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Hundreds Evacuated as Wildfires Rage in Florida Panhandle

PENSACOLA, Fla. — Firefighters in the Florida Panhandle have been battling wildfires that forced some 1,600 people to evacuate from their homes, and a stretch of Interstate 10 remained closed in both directions Thursday morning due to smoke, authorities said.

A more than 575-acre fire in Walton County prompted about 500 people to evacuate. Authorities there said multiple structures were lost in the fire, which was 65% contained Thursday morning.

Walton County Sheriff Michael Adkinson said during a Wednesday night news conference that those who were asked to leave their home but had no place to go were sent to South Walton High School.

On Wednesday, some 1,100 people were asked to evacuate in neighboring Santa Rosa County due to a wildfire that broke out Monday afternoon. Spokeswoman Brandi Bates told the Pensacola News late Wednesday that some homes had already been damaged by fire, though she did not have an exact number or extent of damage. She said 336 homes were in the direct path of the fire, as of 6:30 p.m.

High winds and low humidity caused that blaze, east of Pensacola, to expand 10 times in size, the Florida Forest Service said in a statement. The fire started as a prescribed burn but quickly grew out of control, news outlets reported.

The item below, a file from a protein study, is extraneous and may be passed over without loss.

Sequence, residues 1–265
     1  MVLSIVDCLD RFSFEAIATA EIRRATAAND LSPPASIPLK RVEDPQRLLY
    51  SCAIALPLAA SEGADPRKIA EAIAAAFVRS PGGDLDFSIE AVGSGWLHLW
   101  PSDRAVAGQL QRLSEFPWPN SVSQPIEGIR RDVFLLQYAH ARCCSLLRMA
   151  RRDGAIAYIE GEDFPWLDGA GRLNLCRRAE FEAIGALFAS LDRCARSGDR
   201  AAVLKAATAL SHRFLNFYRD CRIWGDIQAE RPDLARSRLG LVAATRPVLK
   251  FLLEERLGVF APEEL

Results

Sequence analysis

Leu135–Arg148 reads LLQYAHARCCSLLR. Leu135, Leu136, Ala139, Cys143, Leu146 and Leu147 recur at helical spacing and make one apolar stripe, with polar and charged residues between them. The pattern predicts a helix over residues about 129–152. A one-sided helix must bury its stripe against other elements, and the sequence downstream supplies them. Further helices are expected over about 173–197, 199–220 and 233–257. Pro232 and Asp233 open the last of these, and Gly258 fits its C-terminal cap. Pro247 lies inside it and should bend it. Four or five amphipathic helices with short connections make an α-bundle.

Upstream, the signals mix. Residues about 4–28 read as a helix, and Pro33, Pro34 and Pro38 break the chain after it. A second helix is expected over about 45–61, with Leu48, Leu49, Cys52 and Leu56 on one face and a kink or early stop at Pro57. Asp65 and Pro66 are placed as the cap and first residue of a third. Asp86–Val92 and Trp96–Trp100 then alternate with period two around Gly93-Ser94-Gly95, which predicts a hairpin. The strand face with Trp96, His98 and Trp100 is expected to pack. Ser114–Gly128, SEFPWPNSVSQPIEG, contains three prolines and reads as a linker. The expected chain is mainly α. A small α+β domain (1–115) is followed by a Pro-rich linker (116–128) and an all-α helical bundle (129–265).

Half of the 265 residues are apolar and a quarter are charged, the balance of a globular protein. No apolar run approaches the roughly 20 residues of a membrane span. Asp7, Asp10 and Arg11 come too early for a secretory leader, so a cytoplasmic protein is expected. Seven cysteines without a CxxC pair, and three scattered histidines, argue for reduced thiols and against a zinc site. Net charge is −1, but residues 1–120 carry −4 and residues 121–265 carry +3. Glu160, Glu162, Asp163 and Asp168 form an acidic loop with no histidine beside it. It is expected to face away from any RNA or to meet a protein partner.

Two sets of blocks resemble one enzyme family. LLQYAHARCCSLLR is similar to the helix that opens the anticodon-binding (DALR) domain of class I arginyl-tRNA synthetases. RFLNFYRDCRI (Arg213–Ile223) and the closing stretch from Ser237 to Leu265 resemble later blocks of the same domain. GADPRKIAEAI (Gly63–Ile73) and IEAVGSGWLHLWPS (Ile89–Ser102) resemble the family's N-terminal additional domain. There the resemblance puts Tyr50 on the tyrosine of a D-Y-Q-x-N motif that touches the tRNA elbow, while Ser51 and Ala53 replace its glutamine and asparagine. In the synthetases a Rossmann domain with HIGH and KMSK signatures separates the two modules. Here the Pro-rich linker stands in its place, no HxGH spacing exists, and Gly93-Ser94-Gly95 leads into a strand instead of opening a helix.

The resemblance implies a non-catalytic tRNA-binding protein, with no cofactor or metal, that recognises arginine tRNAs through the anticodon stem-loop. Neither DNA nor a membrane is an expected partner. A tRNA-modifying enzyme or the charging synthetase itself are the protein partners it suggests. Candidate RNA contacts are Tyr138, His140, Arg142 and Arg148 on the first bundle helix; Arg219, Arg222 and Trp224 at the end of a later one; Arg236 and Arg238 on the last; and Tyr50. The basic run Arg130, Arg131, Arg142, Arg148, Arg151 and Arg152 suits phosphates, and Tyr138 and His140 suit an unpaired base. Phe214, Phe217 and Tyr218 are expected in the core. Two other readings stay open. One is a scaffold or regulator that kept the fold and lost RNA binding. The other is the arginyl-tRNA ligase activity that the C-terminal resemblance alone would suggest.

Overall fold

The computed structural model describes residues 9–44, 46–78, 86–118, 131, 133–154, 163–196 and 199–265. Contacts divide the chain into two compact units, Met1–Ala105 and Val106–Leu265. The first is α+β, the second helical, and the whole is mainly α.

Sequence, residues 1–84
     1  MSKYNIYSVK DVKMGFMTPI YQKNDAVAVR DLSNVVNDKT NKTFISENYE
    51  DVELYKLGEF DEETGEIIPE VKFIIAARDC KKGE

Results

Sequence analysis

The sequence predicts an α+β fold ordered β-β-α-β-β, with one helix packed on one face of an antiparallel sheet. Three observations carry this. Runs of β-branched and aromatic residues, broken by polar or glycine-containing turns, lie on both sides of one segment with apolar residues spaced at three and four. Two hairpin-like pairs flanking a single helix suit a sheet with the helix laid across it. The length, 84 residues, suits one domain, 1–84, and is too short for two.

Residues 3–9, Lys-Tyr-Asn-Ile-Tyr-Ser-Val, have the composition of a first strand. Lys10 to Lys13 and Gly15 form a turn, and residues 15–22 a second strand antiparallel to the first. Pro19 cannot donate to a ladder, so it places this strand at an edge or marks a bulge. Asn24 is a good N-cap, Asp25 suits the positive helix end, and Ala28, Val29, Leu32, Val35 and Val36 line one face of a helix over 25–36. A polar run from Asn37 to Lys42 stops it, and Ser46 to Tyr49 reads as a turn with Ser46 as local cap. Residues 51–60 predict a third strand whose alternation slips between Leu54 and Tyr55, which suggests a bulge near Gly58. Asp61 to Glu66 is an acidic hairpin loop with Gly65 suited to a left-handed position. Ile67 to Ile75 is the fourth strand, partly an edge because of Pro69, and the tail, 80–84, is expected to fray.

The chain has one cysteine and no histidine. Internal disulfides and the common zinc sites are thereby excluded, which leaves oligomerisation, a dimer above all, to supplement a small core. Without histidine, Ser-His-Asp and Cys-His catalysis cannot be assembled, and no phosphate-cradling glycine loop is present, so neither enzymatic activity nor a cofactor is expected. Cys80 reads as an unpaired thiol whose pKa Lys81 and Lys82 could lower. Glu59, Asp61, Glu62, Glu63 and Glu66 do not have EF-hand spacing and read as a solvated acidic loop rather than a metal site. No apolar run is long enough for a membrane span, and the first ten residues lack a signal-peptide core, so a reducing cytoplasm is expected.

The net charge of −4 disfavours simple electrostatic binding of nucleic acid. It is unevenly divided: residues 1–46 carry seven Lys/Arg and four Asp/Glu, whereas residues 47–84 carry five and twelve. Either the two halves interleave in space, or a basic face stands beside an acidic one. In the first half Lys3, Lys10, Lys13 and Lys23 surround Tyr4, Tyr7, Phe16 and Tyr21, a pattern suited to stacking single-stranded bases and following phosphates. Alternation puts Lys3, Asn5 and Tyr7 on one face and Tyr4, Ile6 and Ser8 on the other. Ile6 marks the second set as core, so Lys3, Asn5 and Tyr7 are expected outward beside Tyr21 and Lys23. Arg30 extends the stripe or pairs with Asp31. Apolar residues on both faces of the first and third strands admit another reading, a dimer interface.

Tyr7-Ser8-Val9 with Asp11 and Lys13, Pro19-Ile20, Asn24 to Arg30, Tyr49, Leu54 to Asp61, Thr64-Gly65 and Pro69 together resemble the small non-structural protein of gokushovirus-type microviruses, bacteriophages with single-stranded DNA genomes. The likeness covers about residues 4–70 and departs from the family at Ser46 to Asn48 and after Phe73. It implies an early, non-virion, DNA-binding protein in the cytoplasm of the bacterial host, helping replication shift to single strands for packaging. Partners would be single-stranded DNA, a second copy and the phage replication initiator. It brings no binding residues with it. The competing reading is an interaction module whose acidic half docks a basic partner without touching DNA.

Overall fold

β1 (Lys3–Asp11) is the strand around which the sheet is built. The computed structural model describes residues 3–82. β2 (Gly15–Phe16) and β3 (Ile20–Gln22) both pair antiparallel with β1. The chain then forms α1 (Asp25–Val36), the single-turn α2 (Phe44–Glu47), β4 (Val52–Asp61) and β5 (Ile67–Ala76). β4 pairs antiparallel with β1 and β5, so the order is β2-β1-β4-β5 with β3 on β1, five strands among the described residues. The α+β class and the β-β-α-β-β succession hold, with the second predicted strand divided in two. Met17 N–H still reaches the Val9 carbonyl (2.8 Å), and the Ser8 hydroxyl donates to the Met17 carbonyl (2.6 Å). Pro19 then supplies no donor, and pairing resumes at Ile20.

The Forest Service said multiple structures have been lost in the 2,000-acre Santa Rosa County fire, and authorities recommended residents south of Interstate 10 to evacuate. The agency did not make clear how many people have been evacuated from the area. So far, about 20% of the fire has been contained, authorities said.

The evacuation order will remain in effect until noon Thursday and then will be reevaluated at that time, the Florida Department of Agriculture and Consumer Services said in a statement.

"This is an extremely dangerous and fast-moving wildfire situation that is evolving rapidly, so everyone in the affected area should follow directions from state and local officials," said Florida Agriculture Commissioner Nikki Fried.

Almost all of Florida has had less-than-usual rainfall this year. National Weather Service meteorologist Jack Cullen told The Times the dryness helped fuel the fires Wednesday. Cullen, who is based in Mobile, Alabama, said the wind is the real culprit.

"What made this (fire) today was the wind, to go along with the dry conditions and low humidity," Cullen said of the fire near Pensacola.

There have been no reports of injuries or deaths.

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